Seniors in a Brooklyn assisted living facility are finally receiving their settlement money from a prominent developer, DNAinfo reported. Hayma Deitsch, a real estate developer who is turning Prospect Park Residence, on Grand Army Plaza in Brooklyn, into luxury apartments, completed the payment of $3.35 million to five elderly women who refused to leave their apartments.
“After months of Deitsch’s typical greedy efforts to make even more money without regard for the cost to our seniors, we are relieved that he has finally complied,” City Councilman Brad Lander told DNAinfo.
The Legal Aid Society compelled Deitsch to make the payment after he failed to do so in July.
“The landlord finally complied with the settlement making it possible for the brave elderly residents of Prospect Park Residence to relocate to appropriate locations,” Judith Goldiner, head attorney for the case and attorney-in-charge of the of The Legal Aid Society’s Civil Law Reform Unit, told DNAinfo.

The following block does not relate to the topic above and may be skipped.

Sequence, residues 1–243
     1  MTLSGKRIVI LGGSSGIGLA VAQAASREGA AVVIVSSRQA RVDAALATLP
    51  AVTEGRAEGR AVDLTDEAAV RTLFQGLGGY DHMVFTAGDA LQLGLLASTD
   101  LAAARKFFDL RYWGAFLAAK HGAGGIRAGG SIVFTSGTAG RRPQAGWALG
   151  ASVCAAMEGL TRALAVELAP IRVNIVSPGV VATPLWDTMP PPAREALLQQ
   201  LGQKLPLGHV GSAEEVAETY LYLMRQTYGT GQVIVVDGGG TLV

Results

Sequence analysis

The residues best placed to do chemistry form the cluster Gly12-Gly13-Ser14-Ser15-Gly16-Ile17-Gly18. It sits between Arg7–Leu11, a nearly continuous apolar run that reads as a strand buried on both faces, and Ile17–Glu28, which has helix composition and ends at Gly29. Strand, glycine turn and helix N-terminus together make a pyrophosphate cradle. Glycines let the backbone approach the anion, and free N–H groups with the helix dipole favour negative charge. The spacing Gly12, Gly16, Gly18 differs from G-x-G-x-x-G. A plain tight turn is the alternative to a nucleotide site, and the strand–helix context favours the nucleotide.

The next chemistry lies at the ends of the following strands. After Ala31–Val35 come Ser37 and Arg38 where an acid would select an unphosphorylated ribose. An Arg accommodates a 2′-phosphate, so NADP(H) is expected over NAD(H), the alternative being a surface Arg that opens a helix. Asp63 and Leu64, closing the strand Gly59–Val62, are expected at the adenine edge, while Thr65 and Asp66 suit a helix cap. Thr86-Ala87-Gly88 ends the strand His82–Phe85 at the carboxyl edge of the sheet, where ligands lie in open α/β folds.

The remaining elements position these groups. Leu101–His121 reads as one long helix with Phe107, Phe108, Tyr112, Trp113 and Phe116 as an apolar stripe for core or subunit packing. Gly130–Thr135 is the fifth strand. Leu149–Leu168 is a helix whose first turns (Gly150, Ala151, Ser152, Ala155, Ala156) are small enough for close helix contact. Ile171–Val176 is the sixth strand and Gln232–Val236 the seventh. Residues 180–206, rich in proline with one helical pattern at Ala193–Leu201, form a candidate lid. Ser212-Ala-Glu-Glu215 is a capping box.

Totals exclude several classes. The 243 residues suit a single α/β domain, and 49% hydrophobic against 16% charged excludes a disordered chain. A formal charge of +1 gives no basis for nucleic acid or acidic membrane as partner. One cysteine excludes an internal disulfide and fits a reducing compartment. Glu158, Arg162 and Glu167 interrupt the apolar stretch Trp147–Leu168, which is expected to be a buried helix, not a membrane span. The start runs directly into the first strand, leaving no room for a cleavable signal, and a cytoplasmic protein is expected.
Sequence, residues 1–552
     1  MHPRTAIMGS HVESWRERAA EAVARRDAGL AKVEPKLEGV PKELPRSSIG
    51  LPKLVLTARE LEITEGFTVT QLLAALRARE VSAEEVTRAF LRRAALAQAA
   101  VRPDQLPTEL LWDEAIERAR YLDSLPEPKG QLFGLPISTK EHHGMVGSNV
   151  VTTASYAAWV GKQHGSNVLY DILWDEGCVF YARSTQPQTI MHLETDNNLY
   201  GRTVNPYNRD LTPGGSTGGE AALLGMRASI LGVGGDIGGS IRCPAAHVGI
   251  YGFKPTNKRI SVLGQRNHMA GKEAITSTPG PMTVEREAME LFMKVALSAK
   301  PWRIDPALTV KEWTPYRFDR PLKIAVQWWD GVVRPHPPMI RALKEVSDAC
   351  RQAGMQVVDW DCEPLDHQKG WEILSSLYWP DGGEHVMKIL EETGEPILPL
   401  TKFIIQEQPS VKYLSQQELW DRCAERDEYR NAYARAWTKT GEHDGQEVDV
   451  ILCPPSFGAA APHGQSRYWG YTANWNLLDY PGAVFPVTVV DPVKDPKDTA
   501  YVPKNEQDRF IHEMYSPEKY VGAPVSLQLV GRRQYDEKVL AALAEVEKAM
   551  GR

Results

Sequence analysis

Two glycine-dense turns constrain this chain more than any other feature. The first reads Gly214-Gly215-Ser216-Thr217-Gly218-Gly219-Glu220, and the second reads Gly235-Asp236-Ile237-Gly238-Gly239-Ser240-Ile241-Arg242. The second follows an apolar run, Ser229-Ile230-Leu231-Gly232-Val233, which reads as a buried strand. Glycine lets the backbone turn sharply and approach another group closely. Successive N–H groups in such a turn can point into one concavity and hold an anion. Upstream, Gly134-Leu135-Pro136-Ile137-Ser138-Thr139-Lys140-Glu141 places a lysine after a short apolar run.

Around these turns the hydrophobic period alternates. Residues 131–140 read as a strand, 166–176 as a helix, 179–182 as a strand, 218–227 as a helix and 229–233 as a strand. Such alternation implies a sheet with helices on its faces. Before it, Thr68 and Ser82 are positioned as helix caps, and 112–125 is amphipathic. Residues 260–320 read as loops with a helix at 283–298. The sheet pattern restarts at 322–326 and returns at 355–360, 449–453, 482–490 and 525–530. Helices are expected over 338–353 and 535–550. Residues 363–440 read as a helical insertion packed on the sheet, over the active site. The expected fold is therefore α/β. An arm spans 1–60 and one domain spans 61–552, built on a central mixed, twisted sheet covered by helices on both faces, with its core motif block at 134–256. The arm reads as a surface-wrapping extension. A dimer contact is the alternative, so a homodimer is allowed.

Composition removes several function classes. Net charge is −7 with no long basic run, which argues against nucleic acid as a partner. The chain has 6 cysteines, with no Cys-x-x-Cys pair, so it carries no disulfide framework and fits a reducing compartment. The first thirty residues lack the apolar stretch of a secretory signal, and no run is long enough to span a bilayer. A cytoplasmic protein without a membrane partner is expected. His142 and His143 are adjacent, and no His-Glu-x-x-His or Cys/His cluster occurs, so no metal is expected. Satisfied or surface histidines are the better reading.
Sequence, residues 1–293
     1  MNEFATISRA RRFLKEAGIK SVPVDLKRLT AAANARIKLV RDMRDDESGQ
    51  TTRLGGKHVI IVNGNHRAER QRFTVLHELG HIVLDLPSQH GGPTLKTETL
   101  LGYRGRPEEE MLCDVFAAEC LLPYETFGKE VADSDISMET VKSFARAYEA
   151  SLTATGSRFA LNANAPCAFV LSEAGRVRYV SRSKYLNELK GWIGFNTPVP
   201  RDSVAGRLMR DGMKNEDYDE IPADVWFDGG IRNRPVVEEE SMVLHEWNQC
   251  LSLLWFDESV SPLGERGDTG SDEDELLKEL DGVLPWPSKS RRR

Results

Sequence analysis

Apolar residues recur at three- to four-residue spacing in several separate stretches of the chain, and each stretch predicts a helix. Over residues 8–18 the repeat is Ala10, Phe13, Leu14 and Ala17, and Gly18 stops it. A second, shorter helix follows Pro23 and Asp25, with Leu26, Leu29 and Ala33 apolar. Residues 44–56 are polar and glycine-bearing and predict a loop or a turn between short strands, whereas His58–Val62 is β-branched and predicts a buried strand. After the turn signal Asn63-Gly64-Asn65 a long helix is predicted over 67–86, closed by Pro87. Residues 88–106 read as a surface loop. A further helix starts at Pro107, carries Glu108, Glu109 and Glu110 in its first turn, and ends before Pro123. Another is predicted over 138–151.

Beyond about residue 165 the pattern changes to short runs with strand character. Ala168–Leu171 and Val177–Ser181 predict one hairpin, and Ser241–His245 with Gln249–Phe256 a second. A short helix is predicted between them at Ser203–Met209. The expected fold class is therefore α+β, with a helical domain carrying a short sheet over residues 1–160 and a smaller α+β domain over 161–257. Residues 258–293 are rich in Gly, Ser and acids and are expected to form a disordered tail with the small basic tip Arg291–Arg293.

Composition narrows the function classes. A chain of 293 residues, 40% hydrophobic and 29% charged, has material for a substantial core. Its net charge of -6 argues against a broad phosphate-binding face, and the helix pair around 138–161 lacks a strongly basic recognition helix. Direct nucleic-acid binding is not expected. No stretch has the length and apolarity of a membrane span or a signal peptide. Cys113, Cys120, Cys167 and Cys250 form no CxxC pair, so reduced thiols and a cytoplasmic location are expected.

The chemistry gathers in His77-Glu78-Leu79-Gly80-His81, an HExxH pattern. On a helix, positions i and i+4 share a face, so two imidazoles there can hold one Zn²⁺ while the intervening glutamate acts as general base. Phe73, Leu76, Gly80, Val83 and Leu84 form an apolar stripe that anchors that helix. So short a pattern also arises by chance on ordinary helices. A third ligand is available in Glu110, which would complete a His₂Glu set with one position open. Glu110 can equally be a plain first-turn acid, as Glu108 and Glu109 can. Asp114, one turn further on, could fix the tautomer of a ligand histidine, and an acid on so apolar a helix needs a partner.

The fate of the residents at Prospect Park Residence has been in the air since 2014. Deitsch had originally given the residents of the building just 90 days to relocate, when he announced in March of that year that the assisted care facility in the building would close. Residents sued in May 2014, and in November Sugar Hill Capital Partners, a firm that had agreed to buy the building from Deitsch, sued Deitsch for not evicting the residents by that point.
At the time the building was home to many Jewish residents, including one Holocaust survivor.
In July Deitsch missed a deadline for making an installment on the full payment awarded to the residents of Prospect Park Residence. By July 15, when he declined to make a further payment, he had already made two prior payments totaling $250,000. But because he missed the final payment of $3.1 million, he forfeited the money from the first two installments.
“He’s personally liable, as is [his business partner] Sam Zalmanov, as is the building, and we intend to go after his assets,” Judith Goldiner told DNAinfo at the time.
Deitsch was planning to sell the property for over $75 million, according to DNAinfo. The building, located across the street from Prospect Park on Prospect Park West, is in an ideal location in Park Slope, where apartments can sell for over a million dollars.
Deitsch bought the property in 2006, for $41 million. He took out a $34.1 million mortgage to help cover the fee. In June, he defaulted on that mortage.